The Right Politics

The most difficult part of the sole vice presidential debate of 2012 was for GOP vice presidential challenger Paul Ryan not to appear like a bully, and he accomplished that goal superbly. It would have been so easy for Ryan to come across as no-less-than a bully by demeaning and criticizing the sitting vice president due to the troublesome Obama-presidency record Biden had to defend.

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Somewhat disappointingly, Ryan didn’t nail it as many had hoped he would. If anything, he was too polite by practically allowing Biden to continually interrupt him in a rude and arrogant fashion throughout the debate. Of the two options – one, Ryan being as rude as Biden was, or two, allowing Biden to continue to condescendingly interrupt – it may have been better if Ryan had treated Biden as he was being treated by expressing rudeness as well – if for no other reason than to be able to complete more valuable thoughts without being interrupted.

Bill Buck and the left’s take on the Biden/Ryan debate

On Vice President Joe Biden’s part, he likely thought he would be excused – due to his “Grandpa Joe” image and comparative age to the much-younger Ryan – for being extremely bully-like, condescending, and being the continual rude-interrupter throughout the debate. An ABC talk radio host quoted a figure which counted 85 interruptions by Biden while Ryan was trying to speak which equates to nearly one interruption per minute in the 90 minute debate.

Joe Biden, on the one hand, entered the debate being labeled “a real nice guy” and “a family man” who has years of “experience in debating”. On the other hand, he was also expected to drop at least one major gaffe. The Democrats were blessed with Biden having a fairly decent night in terms of the gaffes that didn’t formalize. But again, his constant rude interruptions which he likely thought showed him to be boldly aggressive was, instead, extremely non-vice presidential and disappointed to those who hoped to see the sitting vice president perform more statesman-like.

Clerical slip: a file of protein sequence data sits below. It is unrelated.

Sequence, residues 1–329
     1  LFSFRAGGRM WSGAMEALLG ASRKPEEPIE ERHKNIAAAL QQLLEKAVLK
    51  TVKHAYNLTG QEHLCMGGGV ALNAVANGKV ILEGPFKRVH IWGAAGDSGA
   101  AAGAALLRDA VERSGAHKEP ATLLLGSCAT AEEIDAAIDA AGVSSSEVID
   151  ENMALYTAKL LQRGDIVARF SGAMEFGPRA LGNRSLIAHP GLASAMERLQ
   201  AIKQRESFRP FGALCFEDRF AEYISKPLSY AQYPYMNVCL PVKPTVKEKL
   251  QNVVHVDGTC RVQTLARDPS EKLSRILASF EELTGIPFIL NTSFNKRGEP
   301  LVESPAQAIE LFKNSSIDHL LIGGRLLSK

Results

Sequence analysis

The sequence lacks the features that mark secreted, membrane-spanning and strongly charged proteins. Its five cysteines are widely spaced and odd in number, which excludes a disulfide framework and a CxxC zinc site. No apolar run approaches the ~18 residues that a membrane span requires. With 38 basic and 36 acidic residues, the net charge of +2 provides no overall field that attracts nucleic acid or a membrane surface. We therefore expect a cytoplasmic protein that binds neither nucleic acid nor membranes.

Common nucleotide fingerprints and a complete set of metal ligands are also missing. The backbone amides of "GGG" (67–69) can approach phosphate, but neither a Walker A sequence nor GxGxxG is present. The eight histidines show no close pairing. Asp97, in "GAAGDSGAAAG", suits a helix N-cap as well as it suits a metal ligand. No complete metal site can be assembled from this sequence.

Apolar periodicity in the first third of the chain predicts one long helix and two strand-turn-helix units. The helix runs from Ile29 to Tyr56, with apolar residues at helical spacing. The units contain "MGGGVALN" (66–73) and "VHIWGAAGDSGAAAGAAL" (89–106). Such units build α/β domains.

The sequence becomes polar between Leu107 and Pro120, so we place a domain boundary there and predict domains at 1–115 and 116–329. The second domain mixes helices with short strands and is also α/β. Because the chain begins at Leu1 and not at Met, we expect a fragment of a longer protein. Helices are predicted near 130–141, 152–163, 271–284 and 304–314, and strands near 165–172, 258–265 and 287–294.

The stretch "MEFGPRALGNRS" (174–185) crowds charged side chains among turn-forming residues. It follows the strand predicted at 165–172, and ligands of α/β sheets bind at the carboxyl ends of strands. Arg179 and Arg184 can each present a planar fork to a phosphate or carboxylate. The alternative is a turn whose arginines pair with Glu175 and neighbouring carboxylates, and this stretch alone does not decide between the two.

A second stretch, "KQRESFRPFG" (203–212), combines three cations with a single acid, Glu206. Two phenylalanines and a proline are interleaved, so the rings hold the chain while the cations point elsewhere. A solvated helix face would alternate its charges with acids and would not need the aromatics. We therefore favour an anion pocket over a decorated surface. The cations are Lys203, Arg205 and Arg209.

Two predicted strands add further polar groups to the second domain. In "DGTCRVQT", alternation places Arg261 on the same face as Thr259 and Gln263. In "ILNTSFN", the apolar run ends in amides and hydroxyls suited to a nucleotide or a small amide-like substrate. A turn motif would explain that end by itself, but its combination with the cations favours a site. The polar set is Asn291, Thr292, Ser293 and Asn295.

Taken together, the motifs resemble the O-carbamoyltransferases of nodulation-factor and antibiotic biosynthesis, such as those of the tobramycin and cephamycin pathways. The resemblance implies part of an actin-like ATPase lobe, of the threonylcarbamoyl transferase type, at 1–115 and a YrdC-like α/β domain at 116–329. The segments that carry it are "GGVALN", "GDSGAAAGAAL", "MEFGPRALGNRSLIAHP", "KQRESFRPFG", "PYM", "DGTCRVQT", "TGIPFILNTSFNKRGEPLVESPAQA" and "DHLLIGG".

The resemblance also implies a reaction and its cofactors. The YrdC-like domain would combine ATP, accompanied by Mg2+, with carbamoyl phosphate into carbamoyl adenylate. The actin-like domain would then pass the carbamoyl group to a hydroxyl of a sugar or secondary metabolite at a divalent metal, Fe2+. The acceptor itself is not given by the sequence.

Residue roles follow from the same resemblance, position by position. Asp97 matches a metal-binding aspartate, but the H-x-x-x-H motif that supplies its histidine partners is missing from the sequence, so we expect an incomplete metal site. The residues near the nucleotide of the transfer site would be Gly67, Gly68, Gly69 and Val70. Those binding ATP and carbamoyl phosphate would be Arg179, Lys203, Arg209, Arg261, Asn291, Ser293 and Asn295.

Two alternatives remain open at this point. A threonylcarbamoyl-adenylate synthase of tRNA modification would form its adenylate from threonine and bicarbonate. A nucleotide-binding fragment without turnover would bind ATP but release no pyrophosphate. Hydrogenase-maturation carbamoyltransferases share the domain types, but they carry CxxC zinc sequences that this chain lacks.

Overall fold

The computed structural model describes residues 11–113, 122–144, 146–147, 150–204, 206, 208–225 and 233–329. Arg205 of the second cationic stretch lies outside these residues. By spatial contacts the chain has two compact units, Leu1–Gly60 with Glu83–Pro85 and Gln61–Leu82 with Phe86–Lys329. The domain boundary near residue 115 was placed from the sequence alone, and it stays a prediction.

Beyond Biden’s disturbingly non-professional demeanor throughout the debate, he caused major concerns and some controversies, especially when he repeated his contention that he’s a strong Catholic, yet admitted that he’s basically selling his moral soul in the name of his political party. He should have known the abortion issue was going to be raised and should have better prepared to explain his position versus his alleged lifelong Catholic status.

Additionally, his near-denial that Iran and its alleged nuclear weaponry could be of concern to the United States is tremendously disconcerting. Beyond the vice president’s near-denial, he tended to disrespectfully smirk and laugh at the serious situation regarding Iran’s nuclear warfare concern.

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Many persons absolutely do not want to see a man with such an uncompromising nature accompanied with a severe-condescending tone sitting one seat away from the presidency as he has for the past four years.

All in all, the vice presidential debate made great television. The two candidates’ sparring over taxes, Syria, health care and more are necessary topics to be sparred during these final weeks before the election as they show the stark differences between the two political parties. After this debate, people are now thinking about and talking about some of the important issues – likely more than they were talking about after the comparatively-subdued presidential debate performed eight days ago.

Both candidates did what they had set out to do. Biden reached out to his base, and Ryan spoke to those who don’t like the direction the country is headed. Republicans are likely not happy that Ryan didn’t deliver the knock-out debate Mitt Romney did a week ago while Democrats are, as previously stated, ecstatic Biden didn’t have a bad night.

Like the first poll after the debate, I’d give Ryan the edge – not a huge win, but an edge. The initial poll conducted by CNN after the debate revealed that, of the people who watched the entire debate, 48% believe Ryan won and 44% believe Biden won.

About Scott Paulson

Scott Paulson writes political commentary for and teaches English at a community college in the Chicago area. The views and opinions expressed in this post are those of the author and do not necessarily reflect the official policy or position of CBS Local.


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